I can say one thing about botox for migraine prevention. It certainly does not work right away. I am not about to give up hope that it will work, but let’s just say so far I have been enduring three days of nasty migraines. If you say 10 is the worst migraine I have ever experienced, then I have been on average a 7.5 these last three days… well beyond functioning. So no decrease in intensity so far nor even frequency.
If you are curious how getting a neurotoxin injected into your head muscles, rather than say directly into the brain, would have any effect on migraines there is actually no clear answer. I can understand how certain drugs affect migraines… affect the excitation of neurons firing and then the inflammation of blood vessels. But botox? Don’t get it. Maybe for tension headaches. Anyway here is what I found about the how:
“Why does it work?Based on the mechanism of action of Botox, it is unlikely that anyone would have thought to try it for migraines. Its success in treating some patients has caused problems for those who would attempt to explain why it would work in migraine. One possibility is that muscle tension may act as a trigger for migraine in the same way that light and odors do. By reducing muscle tension, Botox would be eliminating an irritant to the nervous system, which would then reduce the chances of a migraine developing. More recently, studies have shown that Botox may affect other nerve cell signallng systems that have to do with the perception of pain. In an animal model of pain, injection of Botox under the skin resulted in decreased response to painful stimuli. Traditionally, scientists have thought that the pain of migraine was due to swelling and inflammation of blood vessels, but perhaps muscle tension is more of a factor than previously appreciated.”- unknown source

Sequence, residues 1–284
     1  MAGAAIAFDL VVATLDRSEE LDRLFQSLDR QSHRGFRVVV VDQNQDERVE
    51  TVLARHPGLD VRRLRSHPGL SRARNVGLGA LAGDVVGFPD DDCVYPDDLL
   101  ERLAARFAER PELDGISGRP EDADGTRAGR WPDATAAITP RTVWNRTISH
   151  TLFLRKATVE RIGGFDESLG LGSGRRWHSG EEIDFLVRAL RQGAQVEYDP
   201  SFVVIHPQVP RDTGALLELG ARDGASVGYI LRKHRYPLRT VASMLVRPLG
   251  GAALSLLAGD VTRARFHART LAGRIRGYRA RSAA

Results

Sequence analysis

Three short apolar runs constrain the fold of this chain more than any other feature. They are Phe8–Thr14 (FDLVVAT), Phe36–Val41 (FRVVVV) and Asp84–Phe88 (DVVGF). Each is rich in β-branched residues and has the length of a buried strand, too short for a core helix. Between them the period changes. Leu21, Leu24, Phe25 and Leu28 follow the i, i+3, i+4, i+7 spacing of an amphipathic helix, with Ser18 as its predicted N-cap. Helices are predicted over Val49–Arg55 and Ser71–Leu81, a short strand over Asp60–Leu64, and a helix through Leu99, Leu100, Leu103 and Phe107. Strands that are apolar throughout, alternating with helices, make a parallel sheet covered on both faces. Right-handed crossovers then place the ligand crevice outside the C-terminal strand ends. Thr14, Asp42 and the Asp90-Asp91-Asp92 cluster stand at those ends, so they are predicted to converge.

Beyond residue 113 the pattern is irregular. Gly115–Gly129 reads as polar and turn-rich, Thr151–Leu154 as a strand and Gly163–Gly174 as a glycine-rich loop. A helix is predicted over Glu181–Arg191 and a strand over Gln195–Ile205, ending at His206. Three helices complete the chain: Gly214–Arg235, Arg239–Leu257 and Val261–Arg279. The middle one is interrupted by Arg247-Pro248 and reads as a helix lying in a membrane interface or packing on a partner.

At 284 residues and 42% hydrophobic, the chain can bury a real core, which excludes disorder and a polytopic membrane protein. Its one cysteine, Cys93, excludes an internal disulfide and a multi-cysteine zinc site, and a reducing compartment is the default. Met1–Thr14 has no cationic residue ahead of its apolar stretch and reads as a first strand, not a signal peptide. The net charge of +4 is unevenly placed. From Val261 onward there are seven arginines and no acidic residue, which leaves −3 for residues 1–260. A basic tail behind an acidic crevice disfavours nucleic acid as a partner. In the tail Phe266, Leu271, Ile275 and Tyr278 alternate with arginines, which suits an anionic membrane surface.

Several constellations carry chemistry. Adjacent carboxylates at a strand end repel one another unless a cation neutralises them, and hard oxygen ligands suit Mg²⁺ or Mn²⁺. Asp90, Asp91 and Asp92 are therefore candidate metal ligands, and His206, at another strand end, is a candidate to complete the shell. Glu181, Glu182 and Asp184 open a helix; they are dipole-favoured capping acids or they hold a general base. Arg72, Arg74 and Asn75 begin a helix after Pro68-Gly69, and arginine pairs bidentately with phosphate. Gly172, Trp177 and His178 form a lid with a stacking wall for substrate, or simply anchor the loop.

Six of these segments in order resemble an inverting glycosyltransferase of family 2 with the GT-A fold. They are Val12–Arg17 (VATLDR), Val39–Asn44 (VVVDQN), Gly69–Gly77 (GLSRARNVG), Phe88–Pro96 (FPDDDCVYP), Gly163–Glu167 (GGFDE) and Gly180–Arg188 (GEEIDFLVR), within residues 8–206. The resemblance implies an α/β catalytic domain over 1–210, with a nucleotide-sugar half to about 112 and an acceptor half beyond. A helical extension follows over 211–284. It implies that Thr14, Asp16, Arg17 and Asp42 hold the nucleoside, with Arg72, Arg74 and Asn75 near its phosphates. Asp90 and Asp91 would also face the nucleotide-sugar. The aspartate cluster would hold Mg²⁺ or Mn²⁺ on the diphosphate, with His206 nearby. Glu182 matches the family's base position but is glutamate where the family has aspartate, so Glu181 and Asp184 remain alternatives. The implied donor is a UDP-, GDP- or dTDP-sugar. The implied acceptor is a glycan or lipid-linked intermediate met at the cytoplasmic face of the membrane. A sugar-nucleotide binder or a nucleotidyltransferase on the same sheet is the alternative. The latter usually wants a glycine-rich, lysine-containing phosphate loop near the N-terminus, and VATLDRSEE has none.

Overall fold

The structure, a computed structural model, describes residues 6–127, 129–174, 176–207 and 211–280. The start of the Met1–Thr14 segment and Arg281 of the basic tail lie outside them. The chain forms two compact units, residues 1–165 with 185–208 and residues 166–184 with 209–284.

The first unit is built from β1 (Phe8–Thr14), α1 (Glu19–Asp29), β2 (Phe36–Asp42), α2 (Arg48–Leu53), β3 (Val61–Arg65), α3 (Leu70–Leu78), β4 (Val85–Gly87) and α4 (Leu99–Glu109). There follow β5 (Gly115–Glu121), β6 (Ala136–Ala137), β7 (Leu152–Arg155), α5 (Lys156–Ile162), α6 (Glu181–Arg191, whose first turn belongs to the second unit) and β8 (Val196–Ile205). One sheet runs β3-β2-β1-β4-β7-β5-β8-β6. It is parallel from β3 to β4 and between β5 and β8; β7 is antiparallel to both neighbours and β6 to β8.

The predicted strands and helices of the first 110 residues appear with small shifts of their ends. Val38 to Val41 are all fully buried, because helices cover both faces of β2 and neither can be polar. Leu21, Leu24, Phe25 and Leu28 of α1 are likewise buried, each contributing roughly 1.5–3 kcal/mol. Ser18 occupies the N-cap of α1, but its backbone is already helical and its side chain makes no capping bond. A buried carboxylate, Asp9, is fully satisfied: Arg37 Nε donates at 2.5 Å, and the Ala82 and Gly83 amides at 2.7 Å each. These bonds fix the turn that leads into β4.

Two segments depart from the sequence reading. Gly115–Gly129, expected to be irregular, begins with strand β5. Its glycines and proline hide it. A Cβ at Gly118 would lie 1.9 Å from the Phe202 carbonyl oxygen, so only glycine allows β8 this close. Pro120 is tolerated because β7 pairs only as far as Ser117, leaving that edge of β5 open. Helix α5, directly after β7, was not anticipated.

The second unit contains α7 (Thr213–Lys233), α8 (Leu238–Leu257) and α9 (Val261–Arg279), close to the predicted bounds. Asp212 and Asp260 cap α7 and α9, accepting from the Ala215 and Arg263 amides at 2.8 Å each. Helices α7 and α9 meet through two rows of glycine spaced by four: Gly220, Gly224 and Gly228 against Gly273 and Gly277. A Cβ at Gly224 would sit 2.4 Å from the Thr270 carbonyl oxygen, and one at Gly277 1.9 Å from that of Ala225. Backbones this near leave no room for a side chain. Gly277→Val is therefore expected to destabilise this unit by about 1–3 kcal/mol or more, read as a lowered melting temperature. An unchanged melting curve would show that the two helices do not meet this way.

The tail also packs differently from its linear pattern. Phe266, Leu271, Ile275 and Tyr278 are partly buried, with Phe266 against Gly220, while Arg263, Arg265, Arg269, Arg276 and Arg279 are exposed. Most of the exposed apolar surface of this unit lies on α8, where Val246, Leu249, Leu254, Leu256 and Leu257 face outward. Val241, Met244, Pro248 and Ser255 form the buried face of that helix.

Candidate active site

So in other words who knows? Based on this explanation I can be certain it will not help with my monster migraines, where certainly the pain is not reflected in my scalp.
Research suggests it can reduce frequency and intensity:
Two Phase 3 Research Evaluating Migraine Prophylaxis Therapy (PREEMPT) trials recruited 1384 patients with chronic migraine, and randomised them to treatment with Botox® or placebo. These patients were suffering on average 20 days of headache each month, of which 18 were moderate or severe. Those randomised to Botox® received fixed-site, fixed dose injections every 12 weeks over 56 weeks. These injections covered seven specific areas of the head and neck, with a total dose of between 155-195 units. At six months, after two cycles of treatment, those treated with Botox® had on average eight less days of headache each month. After 12 months, 70% of those treated had ≤50% the number of headaches that they had done originally. Botox® was well-tolerated, the commonest side effects being neck pain (6.7%), muscular weakness (5.5%), and drooping of the eyelid (3.3%). No serious irreversible side effects have ever been reported in trials of Botox® in headache. migraine trust
Anyway, needless to say, I am not in a good mood. At least the Toradol is sitting well with me right now, cause the last thing I need is pain from that. I have one week before I go back to work and I am fine with that as long as I get some slight indication this botox is doing something… anything. Even if it just does a little, we can add to that with other preventatives.